People often talk about how much professional athletes are paid, often with the assumption that they are very wealthy and unlikely to face financial issues.
However, the situation is not necessarily so black and white. Although there is a significant amount of money involved in professional sports, there are some unique difficulties that rugby players and other athletes will likely face.
Income volatility is one of the biggest financial challenges for professional rugby players because your income can easily change overnight.
For example, your contract with a club may only be five years, or a bit more if you are lucky, so you do not have long-term job security. There is also no guarantee that your next contract, if you get one, will pay the same as your current one.
Additionally, if your performance suffers, you sustain an injury, or your club even faces financial difficulties, your contract could come to an end prematurely.
As a result, you could lose your main source of income with little warning, and this can lead to financial difficulties.
Further to this, you will likely retire from playing at a young age. This often means that you earn a large income in a short space of time before moving into a second career, with a different level of income.
Fortunately, you can plan ahead so you are able to deal with income volatility and continue working towards long-term goals, even if your earnings fluctuate.
Read on to discover some of the ways rugby players can prepare for income volatility.
Build an emergency fund
An emergency fund provides an essential buffer against income volatility. If your contract ends and you find yourself without a club, for example, your emergency fund could cover your living expenses in the short term until you start playing again.
Additionally, when you retire from playing, you can rely on your emergency savings until you start generating an income from other sources.
You can also use these funds to top up your income if your earnings reduce for a period, so you can maintain your lifestyle.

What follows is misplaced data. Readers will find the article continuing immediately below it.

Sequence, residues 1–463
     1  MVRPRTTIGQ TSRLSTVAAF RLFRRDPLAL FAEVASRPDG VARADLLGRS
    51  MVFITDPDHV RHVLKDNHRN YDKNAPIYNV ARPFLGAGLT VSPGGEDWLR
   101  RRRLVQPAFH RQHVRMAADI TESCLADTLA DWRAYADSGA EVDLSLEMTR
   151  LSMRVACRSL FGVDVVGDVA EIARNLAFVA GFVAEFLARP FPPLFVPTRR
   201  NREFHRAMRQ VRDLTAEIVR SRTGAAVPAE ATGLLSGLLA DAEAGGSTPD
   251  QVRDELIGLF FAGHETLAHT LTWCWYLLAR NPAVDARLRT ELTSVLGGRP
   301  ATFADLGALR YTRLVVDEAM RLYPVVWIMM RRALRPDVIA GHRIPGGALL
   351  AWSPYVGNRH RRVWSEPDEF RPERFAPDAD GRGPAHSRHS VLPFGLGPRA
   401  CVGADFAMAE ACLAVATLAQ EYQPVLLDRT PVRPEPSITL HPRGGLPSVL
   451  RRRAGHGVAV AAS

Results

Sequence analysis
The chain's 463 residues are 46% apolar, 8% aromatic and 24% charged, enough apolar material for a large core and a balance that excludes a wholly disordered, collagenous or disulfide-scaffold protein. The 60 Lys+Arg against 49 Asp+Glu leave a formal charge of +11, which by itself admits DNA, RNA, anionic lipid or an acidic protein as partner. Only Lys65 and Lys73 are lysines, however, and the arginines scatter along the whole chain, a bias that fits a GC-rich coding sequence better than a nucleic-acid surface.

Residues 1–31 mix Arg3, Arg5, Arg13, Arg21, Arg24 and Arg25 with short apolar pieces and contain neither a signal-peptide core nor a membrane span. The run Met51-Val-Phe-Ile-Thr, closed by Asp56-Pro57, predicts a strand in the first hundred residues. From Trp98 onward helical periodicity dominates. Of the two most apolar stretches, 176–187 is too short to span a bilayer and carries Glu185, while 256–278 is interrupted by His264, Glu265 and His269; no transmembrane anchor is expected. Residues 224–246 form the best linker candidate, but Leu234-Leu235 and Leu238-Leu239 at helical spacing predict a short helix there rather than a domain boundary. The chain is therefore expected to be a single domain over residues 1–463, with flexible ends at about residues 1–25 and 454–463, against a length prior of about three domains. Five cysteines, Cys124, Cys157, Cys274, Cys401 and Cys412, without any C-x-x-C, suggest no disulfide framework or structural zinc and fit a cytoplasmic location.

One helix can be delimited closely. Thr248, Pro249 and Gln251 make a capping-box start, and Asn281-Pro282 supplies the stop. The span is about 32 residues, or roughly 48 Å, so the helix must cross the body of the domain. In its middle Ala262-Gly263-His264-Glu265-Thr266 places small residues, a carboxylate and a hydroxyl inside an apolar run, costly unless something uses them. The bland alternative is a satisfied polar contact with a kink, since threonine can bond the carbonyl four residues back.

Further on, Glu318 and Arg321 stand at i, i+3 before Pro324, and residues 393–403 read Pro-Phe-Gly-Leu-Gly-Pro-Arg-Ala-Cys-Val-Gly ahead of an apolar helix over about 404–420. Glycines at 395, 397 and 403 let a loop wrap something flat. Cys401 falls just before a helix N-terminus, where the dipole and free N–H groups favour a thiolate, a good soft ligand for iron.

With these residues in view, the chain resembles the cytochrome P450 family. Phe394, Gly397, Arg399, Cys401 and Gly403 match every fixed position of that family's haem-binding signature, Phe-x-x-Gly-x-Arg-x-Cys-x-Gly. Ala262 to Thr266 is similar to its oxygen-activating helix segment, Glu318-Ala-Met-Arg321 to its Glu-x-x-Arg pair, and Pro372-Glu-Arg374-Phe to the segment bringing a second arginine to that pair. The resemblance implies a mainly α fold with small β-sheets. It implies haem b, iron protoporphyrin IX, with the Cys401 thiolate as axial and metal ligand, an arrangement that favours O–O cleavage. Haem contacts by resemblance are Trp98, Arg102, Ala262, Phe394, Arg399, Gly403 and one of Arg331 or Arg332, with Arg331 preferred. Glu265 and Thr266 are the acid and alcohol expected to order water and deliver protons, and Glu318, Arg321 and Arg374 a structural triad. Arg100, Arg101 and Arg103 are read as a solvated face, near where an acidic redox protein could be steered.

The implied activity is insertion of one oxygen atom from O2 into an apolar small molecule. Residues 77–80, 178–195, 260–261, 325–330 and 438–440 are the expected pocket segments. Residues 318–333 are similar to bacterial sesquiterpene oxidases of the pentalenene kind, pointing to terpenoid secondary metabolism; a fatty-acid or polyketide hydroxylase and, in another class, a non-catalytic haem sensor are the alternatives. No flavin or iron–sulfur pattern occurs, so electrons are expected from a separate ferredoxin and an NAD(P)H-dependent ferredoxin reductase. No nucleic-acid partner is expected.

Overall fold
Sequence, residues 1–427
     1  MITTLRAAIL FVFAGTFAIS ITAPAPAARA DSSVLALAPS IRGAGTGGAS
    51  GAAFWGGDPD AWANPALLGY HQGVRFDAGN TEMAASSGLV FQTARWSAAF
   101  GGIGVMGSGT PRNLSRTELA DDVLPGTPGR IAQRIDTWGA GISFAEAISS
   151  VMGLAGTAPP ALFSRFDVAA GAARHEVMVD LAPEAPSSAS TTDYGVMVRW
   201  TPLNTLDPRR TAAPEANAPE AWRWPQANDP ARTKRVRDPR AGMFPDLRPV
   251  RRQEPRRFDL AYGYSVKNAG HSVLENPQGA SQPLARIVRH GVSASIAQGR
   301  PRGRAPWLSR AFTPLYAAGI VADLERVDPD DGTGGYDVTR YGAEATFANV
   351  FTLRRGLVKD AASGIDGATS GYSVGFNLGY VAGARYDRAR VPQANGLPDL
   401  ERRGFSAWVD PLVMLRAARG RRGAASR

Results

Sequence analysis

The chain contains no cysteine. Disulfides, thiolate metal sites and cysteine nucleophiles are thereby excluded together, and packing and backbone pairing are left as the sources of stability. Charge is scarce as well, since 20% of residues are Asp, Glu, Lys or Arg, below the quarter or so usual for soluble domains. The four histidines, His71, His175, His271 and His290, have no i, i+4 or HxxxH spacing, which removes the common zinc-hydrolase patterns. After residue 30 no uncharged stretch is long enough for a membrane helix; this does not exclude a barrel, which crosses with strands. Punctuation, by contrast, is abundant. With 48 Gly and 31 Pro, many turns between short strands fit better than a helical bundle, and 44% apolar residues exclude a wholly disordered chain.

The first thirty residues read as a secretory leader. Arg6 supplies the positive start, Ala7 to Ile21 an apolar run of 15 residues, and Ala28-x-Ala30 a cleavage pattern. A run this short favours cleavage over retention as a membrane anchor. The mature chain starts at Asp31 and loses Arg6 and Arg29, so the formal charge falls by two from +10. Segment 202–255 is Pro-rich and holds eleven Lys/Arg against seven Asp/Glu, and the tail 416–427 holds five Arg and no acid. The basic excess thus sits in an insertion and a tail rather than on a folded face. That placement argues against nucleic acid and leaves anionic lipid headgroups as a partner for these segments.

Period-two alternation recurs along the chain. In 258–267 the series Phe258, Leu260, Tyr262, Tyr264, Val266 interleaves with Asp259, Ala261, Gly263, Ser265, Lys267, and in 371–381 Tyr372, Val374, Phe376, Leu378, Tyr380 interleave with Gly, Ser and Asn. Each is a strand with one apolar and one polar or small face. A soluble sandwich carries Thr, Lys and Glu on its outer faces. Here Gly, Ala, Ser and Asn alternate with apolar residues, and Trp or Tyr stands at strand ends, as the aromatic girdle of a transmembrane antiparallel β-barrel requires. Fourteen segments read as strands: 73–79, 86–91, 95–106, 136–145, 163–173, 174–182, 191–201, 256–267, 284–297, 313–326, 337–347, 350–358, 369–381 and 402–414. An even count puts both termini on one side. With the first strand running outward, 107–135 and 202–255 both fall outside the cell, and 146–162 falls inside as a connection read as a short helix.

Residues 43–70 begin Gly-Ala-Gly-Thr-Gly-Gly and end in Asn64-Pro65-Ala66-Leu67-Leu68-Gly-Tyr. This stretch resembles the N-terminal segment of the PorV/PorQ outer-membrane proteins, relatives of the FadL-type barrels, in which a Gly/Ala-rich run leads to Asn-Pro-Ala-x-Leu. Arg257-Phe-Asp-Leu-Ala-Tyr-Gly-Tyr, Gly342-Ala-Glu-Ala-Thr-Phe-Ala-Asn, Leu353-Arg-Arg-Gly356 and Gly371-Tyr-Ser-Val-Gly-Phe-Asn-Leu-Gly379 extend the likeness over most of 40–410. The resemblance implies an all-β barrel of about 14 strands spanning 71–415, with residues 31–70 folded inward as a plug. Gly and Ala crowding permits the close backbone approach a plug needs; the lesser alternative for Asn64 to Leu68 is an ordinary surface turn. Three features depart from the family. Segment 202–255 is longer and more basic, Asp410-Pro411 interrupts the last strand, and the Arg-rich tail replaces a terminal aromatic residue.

The typical recommendation is that you save enough to cover your expenses for three months, but you may want to save more than this if you are a rugby player with a volatile income.
Invest for the future
During periods when you are earning a regular income, it may be sensible to invest some of that wealth for the future.
This is especially important for rugby players who experience “two retirements” as you may find it more difficult to save for later life when you finish playing and move into your second career.
Paying into a pension and making investments as early as possible can help you build wealth for the future. You can then draw on these funds later when you retire from your second career.
You may also rely on savings and investments to fund your lifestyle if your second career is not as lucrative as professional rugby.
Live within your means
Living within your means is important because overspending can make you more vulnerable to income volatility.
For example, if you need to spend most of your income to fund your current lifestyle, any drop in earnings could leave you with a significant shortfall.
Meanwhile, if you budget carefully and only spend a portion of your income, you may find it easier to absorb a reduction in earnings without making too many sacrifices to your lifestyle.